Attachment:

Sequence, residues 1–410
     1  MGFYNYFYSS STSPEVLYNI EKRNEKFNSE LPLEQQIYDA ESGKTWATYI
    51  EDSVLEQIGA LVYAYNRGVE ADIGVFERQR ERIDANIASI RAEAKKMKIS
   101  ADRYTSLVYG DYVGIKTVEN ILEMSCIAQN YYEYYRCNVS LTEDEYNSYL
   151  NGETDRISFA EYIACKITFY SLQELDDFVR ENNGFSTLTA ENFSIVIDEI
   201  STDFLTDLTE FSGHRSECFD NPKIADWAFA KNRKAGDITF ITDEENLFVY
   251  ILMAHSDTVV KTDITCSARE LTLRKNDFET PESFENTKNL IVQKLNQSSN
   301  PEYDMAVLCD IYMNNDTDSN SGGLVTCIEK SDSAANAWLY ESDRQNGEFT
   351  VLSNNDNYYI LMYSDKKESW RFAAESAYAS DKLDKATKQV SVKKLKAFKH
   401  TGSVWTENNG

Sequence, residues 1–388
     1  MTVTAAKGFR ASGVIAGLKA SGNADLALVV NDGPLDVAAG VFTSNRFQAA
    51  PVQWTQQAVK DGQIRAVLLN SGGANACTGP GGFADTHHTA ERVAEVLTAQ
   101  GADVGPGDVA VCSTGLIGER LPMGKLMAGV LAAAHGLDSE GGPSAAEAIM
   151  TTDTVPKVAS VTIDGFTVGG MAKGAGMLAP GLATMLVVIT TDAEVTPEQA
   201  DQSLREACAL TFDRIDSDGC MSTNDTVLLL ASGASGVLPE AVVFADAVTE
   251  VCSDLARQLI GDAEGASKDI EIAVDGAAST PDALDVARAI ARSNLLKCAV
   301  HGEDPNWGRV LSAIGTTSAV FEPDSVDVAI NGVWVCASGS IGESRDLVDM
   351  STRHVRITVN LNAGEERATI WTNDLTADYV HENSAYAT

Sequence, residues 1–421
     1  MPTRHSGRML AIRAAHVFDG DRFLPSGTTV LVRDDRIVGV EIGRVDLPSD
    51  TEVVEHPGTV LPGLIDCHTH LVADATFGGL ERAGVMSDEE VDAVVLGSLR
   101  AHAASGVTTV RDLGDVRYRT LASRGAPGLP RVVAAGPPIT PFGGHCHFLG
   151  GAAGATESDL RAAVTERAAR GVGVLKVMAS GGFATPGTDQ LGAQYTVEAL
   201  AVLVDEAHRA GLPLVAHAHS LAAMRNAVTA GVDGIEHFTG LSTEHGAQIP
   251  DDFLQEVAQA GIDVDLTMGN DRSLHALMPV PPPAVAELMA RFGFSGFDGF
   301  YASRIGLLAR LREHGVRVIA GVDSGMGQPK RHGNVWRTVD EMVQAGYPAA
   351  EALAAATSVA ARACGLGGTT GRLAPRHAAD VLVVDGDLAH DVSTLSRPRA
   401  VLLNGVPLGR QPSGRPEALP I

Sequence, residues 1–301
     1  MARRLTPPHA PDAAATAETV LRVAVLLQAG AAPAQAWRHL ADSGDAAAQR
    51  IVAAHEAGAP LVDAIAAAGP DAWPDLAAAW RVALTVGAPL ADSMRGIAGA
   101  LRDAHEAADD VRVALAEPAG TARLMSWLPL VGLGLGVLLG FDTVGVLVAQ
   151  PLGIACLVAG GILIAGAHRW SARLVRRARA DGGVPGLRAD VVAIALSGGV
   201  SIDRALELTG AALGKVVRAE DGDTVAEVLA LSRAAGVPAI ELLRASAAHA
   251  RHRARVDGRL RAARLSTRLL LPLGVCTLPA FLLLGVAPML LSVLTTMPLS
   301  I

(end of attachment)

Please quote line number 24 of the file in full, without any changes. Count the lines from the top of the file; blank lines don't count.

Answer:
   151  GAAGATESDL RAAVTERAAR GVGVLKVMAS GGFATPGTDQ LGAQYTVEAL